Blood In The Snow Canadian Film Festival - Review: Fake Blood
Director: Rob Grant
Writers: Rob Grant, Mike Kovac
Stars: Chelsey Reist, Mike Kovac, Camden Filtness
Celebrating it’s Toronto premiere at the Blood In the Snow Canadian Film Festival, Fake Blood finds two filmmakers questioning what their responsibility is in the portrayal of violence in movies.
Director/writer Rob Grant and actor/writer Mike Kovac have been making low budget horror films together for years, but after finding success on the festival circuit with their film Mon Ami, they receive a fan video that makes them question how much influence they potentially have over viewers. In an homage to a scene in Mon Ami, two fans film themselves at a hardware store and explain to Rob and Mike which tools they would choose to dispose of a dead body and why and how they would utilize these tools. Rather than being flattered or amused, Rob and Mike find themselves uneasy and wonder how much their film figures into any potential violent behavior that some viewers might engage in. And this leads them down a road that will prove both eye opening and frightening.
After an interesting visual explanation of the myriad ways the film community finds to make violence more palatable and acceptable to the general audience, Rob and Mike reach out to John. John (not his real name) worked as a consultant on a film and it was assumed that John is the kind of guy who has seen real violence. After an uneasy cold call and the promise of money and no cameras, John agrees to meet up with the two men. Of course, the filmmakers try to get to the meeting place early and hide cameras, but John discovers them. Ultimately, John acquiesces and a truly eerie conversation about real life violence versus film violence unfolds. While Mike is able to keep the chatter moving and at a respectful tone, it is plainly obvious that Rob is unnerved by being in the company of John.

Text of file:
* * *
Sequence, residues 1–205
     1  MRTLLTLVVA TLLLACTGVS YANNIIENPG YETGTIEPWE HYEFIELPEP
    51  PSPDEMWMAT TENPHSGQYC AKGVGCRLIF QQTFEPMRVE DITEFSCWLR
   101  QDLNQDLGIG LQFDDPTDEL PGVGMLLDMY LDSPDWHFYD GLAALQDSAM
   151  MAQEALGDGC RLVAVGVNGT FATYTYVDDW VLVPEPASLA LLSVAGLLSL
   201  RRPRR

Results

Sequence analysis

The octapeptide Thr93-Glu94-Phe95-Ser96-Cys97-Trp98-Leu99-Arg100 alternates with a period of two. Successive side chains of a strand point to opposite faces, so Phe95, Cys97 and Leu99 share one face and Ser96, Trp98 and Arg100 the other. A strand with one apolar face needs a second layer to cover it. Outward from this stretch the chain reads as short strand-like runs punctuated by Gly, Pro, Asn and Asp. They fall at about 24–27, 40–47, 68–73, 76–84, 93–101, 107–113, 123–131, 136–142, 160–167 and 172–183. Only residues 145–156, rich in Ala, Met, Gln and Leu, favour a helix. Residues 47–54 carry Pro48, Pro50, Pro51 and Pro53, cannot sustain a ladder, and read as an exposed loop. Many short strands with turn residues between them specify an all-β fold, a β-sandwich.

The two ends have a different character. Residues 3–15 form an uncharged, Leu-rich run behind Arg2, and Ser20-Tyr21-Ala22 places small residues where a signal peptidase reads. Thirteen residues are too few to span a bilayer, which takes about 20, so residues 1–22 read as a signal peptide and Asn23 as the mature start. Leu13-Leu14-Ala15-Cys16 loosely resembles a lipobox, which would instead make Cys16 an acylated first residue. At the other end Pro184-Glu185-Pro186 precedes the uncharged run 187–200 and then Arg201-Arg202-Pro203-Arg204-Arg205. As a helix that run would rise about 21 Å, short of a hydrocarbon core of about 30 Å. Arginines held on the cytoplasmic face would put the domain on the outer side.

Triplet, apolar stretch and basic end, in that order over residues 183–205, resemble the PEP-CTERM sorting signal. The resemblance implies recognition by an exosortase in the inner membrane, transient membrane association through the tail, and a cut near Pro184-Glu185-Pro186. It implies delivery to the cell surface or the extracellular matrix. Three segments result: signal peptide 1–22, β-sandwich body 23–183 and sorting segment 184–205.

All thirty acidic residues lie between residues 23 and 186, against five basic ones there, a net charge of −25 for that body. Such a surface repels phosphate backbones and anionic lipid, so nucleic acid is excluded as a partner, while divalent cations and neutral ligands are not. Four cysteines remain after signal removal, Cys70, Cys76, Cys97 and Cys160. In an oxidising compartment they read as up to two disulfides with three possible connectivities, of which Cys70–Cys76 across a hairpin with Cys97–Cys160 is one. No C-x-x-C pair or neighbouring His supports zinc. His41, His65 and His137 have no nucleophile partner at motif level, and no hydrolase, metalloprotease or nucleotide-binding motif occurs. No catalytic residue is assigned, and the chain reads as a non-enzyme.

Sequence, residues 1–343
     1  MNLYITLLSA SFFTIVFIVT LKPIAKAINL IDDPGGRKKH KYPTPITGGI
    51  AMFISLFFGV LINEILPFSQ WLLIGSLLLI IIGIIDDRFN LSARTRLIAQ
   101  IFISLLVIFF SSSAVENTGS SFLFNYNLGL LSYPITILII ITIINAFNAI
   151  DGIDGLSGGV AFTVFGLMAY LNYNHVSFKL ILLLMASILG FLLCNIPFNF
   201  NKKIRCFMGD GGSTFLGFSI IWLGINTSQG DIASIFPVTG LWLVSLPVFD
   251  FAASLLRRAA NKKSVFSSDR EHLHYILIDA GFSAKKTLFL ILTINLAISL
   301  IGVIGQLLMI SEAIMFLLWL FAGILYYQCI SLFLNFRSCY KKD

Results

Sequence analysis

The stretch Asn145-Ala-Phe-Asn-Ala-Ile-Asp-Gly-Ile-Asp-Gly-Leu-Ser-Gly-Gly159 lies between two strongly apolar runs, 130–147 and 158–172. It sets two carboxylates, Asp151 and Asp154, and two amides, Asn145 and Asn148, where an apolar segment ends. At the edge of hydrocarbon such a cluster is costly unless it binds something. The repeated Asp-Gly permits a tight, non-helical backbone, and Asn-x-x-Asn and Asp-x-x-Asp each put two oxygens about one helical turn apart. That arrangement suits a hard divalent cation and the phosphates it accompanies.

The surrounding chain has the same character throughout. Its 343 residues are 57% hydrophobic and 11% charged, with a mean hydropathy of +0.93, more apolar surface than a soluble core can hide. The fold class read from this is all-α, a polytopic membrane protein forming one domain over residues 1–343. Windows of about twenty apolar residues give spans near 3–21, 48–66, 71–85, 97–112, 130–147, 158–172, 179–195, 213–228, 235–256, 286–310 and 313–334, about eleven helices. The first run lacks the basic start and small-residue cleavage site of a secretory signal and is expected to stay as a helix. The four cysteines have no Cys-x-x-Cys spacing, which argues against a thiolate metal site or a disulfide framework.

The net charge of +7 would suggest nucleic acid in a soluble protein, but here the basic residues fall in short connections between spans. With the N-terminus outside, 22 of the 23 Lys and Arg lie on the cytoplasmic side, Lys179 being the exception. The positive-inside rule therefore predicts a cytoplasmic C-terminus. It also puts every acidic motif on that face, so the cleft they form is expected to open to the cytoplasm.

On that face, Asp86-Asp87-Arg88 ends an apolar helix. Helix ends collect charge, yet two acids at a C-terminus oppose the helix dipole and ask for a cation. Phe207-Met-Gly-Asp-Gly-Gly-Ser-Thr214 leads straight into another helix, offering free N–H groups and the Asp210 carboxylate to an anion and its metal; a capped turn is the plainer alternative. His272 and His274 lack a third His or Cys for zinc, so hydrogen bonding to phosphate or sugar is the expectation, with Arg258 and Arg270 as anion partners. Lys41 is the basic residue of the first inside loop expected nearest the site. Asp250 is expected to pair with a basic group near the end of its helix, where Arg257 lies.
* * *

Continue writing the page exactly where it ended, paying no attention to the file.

While the rational person would simply move forward with the documentary, Rob latches onto one of John’s stories and decides they should try talking to the brother of a murder victim. A murder victim that John is responsible for. The shit show that unfolds from this truly horrible decision is sobering and life changing for more than just Rob and Mike.
At times, Fake Blood makes you question whether or not you’re watching a 100% real documentary or if this is a truly clever blend of fiction and reality. Rob and Mike begin this journey as longtime friends and end it with Mike refusing to accept Rob’s phone calls. Watching these two friends on this journey is engrossing and infuriating because although Rob is now aware of how fully he fucked up, during filming you will find yourself incredulous at his decisions and this is what makes Fake Blood unique. The filmmakers become subjects in their own film and the viewer is fully invested and finds themselves on the same thrilling journey. The question of how much of Fake Blood is real and how much is movie magic becomes unimportant because, despite their original intentions, Rob and Mike ask a simple question that reveals an answer they weren’t prepared for.
Lisa Fremont | Twitter: @lcfremont
Images: Blood In The Snow Film Festival